The drawings you create can therefore be as simple as line art or rough sketches. They should explain what action is taking place in the scene, showing where the characters are and what they're doing. In addition, the drawings should indicate details like framing, camera angles and camera movements.


When drawing your storyboard, keep in mind key cinematographic elements such as composition, focus, lighting, transitions, and continuity. You can also take motion graphics and video trends into account, keeping your work up to date.


If the color palette plays a big role in your film, you could incorporate color in your storyboard. However, it’s not a must and many storyboards stick to just black and white.


If you’re interested in a more in-depth test for the use of color in your film, consider working on a color script. A color script demonstrates how the palette evolves in parallel with the unfolding of the film’s storyline. It is similar to a storyboard, only that it places an emphasis on color psychology and symbolism, alongside lighting.





05. Ask for feedback


Much like a mood board, a storyboard is created during the early stages of a project and can have a huge impact on the end result.


Your storyboard should therefore be communicative and easily understood by everyone involved in the project - be it the client, camera operator, animators or concept artists. But even when working independently, it’s imperative that the storyboard reflects your movie clearly.


Perfecting your storyline and cinematography at this stage in your production will pay off down the line, resulting in a much more effective and informed filmmaking process.


To ensure that the film is clearly understood, show your complete storyboard to a team member or a trusted friend and ask for their input. See what stands out to them as confusing, and invest the time to revise the storyboard accordingly. Address the problems that arise during this early stage, and the final film will be all the better because of it.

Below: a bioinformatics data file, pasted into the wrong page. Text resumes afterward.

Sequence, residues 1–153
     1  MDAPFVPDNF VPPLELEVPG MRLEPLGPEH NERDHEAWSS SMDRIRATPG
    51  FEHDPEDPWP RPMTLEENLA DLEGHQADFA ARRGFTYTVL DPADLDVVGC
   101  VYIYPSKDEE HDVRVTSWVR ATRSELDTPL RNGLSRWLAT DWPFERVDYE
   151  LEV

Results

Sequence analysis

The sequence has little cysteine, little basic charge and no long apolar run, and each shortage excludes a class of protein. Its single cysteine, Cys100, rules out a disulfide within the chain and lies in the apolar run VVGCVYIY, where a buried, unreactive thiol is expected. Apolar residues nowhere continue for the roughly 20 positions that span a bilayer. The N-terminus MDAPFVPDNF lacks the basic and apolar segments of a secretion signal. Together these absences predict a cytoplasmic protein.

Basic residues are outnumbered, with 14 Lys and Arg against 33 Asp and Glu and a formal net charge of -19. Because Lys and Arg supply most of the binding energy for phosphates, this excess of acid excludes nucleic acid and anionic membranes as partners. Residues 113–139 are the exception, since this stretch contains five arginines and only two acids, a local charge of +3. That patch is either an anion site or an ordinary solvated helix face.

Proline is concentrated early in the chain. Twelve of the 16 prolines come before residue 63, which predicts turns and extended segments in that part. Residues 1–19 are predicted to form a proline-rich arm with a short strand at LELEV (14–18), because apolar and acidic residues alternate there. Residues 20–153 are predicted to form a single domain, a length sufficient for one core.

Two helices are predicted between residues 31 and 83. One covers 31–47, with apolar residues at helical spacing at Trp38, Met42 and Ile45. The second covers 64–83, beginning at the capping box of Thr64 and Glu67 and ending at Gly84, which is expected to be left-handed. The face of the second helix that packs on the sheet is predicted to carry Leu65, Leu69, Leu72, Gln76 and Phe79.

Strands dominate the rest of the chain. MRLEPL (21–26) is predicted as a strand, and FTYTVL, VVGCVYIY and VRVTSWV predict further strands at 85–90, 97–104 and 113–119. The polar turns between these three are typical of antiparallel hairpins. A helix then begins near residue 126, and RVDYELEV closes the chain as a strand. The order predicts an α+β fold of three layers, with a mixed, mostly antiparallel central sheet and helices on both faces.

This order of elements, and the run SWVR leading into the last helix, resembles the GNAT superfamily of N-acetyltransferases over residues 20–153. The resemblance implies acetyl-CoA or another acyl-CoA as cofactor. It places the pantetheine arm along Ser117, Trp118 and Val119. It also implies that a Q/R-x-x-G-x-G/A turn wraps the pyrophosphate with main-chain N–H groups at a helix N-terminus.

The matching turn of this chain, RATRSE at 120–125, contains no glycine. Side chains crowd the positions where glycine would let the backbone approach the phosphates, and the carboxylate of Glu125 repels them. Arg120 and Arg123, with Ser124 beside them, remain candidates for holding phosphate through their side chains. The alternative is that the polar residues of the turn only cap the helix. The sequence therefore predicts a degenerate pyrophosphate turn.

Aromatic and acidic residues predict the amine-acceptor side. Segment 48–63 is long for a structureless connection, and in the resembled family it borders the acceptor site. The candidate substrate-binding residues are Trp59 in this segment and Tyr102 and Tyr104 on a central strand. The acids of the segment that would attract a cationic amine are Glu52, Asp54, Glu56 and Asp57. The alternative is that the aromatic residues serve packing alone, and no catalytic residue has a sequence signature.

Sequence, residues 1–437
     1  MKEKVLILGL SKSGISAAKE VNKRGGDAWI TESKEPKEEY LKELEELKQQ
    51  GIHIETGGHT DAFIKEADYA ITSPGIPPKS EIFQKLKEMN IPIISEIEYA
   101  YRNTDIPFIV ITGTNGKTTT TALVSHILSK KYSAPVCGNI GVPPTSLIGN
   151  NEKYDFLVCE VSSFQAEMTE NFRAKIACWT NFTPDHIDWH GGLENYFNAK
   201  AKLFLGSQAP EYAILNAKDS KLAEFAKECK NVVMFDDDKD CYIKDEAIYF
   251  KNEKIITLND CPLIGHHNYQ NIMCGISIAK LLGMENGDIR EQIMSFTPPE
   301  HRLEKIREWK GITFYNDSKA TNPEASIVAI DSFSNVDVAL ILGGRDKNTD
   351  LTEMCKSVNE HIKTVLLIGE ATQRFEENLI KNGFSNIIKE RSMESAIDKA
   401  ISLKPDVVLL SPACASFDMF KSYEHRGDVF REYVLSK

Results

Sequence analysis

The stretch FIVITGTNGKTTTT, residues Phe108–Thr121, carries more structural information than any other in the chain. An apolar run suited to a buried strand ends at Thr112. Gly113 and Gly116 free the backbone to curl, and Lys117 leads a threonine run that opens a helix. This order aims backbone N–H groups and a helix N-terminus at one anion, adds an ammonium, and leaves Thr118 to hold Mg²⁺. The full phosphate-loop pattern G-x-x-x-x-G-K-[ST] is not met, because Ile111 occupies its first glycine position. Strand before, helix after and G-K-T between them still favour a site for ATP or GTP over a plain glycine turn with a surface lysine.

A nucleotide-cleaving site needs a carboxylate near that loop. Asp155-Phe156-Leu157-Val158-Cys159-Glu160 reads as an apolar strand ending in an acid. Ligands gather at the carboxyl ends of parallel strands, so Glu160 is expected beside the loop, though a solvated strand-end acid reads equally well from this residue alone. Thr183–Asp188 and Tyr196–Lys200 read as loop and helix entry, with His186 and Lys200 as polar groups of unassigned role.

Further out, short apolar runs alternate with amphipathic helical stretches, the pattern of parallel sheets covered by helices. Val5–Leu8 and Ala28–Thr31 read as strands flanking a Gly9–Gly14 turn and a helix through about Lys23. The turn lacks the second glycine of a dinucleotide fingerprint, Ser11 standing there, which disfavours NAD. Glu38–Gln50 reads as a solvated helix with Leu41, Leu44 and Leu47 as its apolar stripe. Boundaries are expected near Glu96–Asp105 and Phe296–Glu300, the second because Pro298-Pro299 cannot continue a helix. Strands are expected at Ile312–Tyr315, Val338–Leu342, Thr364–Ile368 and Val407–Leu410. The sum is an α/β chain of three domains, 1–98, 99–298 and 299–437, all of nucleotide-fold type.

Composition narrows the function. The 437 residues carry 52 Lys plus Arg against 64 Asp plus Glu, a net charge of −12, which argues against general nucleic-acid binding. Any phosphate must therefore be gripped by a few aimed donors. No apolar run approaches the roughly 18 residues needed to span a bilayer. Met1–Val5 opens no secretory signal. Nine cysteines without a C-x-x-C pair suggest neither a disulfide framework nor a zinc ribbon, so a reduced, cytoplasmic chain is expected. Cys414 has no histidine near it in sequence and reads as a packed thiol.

06. Make an animatic


Once your storyboard is finalized, you can take it to the next level by creating an animatic, or in other words, an animated version of your storyboard.


By taking the frames or panels from your storyboard and placing them on a timeline, combined with an initial soundtrack and rough camera movements, you can start to get a real feel for your end result. You can also add in subtitles to signify any speech.


To create an early version of your soundtrack, check out these sites for free music for your videos. This list of free editing software can also help in putting the animatic together.


Creating an animatic allows you to not only visualize every scene in your film, as does a storyboard, but also to decide on the timing and pacing of each part of your movie. It makes it easier to know how long you should linger on some sections, versus how abrupt certain transitions should be. This helps to plan the animation process better, as well as to time the soundtrack and dubbing more accurately.



Animatic (top) versus the final version (bottom) of a promotional video by Wix.



Text Eden Spivak